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I am at my wits end here despite the good information here on StackOverflow...

I am trying to write an OpenGL renderbuffer to a video on the iPad 2 (using iOS 4.3). This is more exactly what I am attempting:

A) set up an AVAssetWriterInputPixelBufferAdaptor

  1. create an AVAssetWriter that points to a video file

  2. set up an AVAssetWriterInput with appropriate settings

  3. set up an AVAssetWriterInputPixelBufferAdaptor to add data to the video file

B) write data to a video file using that AVAssetWriterInputPixelBufferAdaptor

  1. render OpenGL code to the screen

  2. get the OpenGL buffer via glReadPixels

  3. create a CVPixelBufferRef from the OpenGL data

  4. append that PixelBuffer to the AVAssetWriterInputPixelBufferAdaptor using the appendPixelBuffer method

However, I am having problems doings this. My strategy right now is to set up the AVAssetWriterInputPixelBufferAdaptor when a button is pressed. Once the AVAssetWriterInputPixelBufferAdaptor is valid, I set a flag to signal the EAGLView to create a pixel buffer and append it to the video file via appendPixelBuffer for a given number of frames.

Right now my code is crashing as it tries to append the second pixel buffer, giving me the following error:

-[__NSCFDictionary appendPixelBuffer:withPresentationTime:]: unrecognized selector sent to instance 0x131db0

Here is my AVAsset setup code (a lot of was based on Rudy Aramayo's code, which does work on normal images, but is not set up for textures):

- (void) testVideoWriter {

  //initialize global info
  MOVIE_NAME = @"Documents/";
  CGSize size = CGSizeMake(480, 320);
  frameLength = CMTimeMake(1, 5); 
  currentTime = kCMTimeZero;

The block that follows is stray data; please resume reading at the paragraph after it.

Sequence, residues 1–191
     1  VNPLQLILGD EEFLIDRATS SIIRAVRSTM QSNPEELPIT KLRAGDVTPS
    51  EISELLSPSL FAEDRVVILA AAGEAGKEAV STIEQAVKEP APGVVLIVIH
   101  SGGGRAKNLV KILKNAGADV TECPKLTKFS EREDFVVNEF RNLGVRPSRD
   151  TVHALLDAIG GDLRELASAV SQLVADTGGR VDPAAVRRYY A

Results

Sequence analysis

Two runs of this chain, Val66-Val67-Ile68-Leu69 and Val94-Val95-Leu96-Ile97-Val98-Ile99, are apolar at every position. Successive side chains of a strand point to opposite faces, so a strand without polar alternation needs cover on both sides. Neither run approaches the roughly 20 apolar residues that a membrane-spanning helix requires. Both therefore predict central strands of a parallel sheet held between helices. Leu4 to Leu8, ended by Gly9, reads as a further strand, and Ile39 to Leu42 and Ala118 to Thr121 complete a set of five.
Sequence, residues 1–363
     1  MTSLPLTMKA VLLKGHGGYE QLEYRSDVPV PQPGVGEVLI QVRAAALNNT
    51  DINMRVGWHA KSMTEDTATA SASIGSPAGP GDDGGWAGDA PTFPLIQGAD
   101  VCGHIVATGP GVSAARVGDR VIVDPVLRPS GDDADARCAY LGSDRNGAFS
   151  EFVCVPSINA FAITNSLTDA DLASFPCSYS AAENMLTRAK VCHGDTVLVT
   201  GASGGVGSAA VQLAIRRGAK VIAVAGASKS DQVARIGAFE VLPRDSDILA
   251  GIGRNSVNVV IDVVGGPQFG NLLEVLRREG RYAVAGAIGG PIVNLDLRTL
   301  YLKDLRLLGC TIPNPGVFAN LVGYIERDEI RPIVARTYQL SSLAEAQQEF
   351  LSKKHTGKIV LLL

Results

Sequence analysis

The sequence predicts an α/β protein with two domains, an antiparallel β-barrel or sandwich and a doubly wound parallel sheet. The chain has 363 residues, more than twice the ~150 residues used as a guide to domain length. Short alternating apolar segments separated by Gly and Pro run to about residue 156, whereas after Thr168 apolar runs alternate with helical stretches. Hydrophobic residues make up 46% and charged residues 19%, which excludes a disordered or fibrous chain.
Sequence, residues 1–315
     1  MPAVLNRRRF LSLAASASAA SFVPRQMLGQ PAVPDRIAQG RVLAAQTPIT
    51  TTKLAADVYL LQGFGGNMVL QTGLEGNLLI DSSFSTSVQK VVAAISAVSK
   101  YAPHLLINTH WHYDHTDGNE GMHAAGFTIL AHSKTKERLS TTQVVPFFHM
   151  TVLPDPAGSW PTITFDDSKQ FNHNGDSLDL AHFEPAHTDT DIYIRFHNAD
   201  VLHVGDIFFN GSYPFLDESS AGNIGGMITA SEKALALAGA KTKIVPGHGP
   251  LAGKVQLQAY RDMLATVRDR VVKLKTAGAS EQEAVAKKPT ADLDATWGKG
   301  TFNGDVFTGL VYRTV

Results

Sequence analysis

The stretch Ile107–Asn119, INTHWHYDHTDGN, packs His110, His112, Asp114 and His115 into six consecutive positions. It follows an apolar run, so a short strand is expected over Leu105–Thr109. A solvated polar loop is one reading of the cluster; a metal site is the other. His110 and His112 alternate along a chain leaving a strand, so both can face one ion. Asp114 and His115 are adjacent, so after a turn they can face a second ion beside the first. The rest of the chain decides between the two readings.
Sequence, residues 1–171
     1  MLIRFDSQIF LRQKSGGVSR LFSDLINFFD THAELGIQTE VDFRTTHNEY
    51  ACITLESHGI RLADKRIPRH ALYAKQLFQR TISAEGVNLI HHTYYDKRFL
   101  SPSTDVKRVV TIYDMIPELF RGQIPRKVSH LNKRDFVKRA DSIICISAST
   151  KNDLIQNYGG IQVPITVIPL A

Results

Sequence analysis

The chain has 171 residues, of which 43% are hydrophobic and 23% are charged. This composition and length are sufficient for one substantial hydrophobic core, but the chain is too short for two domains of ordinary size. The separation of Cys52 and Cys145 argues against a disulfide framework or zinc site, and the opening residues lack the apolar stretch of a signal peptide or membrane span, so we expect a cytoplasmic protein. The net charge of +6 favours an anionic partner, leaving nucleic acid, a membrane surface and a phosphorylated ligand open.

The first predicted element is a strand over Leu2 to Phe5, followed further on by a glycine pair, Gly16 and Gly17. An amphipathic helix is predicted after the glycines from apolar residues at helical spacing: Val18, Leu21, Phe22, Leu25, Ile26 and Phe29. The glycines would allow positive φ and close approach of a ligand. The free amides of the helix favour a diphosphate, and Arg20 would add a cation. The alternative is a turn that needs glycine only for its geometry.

currentFrame = 0;

  NSString *MOVIE_PATH = [NSHomeDirectory() stringByAppendingPathComponent:MOVIE_NAME];
  NSError *error = nil;

  unlink([betaCompressionDirectory UTF8String]);

  videoWriter = [[AVAssetWriter alloc] initWithURL:[NSURL fileURLWithPath:betaCompressionDirectory] fileType:AVFileTypeQuickTimeMovie error:&error];

  NSDictionary *videoSettings = [NSDictionary dictionaryWithObjectsAndKeys:AVVideoCodecH264, AVVideoCodecKey,
                                 [NSNumber numberWithInt:size.width], AVVideoWidthKey,
                                 [NSNumber numberWithInt:size.height], AVVideoHeightKey, nil];
  writerInput = [AVAssetWriterInput assetWriterInputWithMediaType:AVMediaTypeVideo outputSettings:videoSettings];

  //writerInput.expectsMediaDataInRealTime = NO;

  NSDictionary *sourcePixelBufferAttributesDictionary = [NSDictionary dictionaryWithObjectsAndKeys: [NSNumber numberWithInt:kCVPixelFormatType_32BGRA], kCVPixelBufferPixelFormatTypeKey, nil];

  adaptor = [AVAssetWriterInputPixelBufferAdaptor assetWriterInputPixelBufferAdaptorWithAssetWriterInput:writerInput                                                                          sourcePixelBufferAttributes:sourcePixelBufferAttributesDictionary];
  [adaptor retain];

  [videoWriter addInput:writerInput];

  [videoWriter startWriting];
  [videoWriter startSessionAtSourceTime:kCMTimeZero];


Ok, now that my videoWriter and adaptor are set up, I tell my OpenGL renderer to create a pixel buffer for every frame:

- (void) captureScreenVideo {

  if (!writerInput.readyForMoreMediaData) {

  CGSize esize = CGSizeMake(eagl.backingWidth, eagl.backingHeight);
  NSInteger myDataLength = esize.width * esize.height * 4;
  GLuint *buffer = (GLuint *) malloc(myDataLength);
  glReadPixels(0, 0, esize.width, esize.height, GL_RGBA, GL_UNSIGNED_BYTE, buffer);
  CVPixelBufferRef pixel_buffer = NULL;
  CVPixelBufferCreateWithBytes (NULL, esize.width, esize.height, kCVPixelFormatType_32BGRA, buffer, 4 * esize.width, NULL, 0, NULL, &pixel_buffer);

  /* DON'T FREE THIS BEFORE USING pixel_buffer! */ 

  if(![adaptor appendPixelBuffer:pixel_buffer withPresentationTime:currentTime]) {
    } else {
      NSLog(@"Success:%d", currentFrame);
      currentTime = CMTimeAdd(currentTime, frameLength);



  if (currentFrame > MAX_FRAMES) {
    [writerInput markAsFinished];
    [videoWriter finishWriting];
    [videoWriter release];

    [self moveVideoToSavedPhotos]; 

And finally, I move the Video to the camera roll:

- (void) moveVideoToSavedPhotos {
  ALAssetsLibrary *library = [[ALAssetsLibrary alloc] init];
  NSString *localVid = [NSHomeDirectory() stringByAppendingPathComponent:MOVIE_NAME];    
  NSURL* fileURL = [NSURL fileURLWithPath:localVid];

  [library writeVideoAtPathToSavedPhotosAlbum:fileURL
                              completionBlock:^(NSURL *assetURL, NSError *error) {
                                if (error) {   
                                  NSLog(@"%@: Error saving context: %@", [self class], [error localizedDescription]);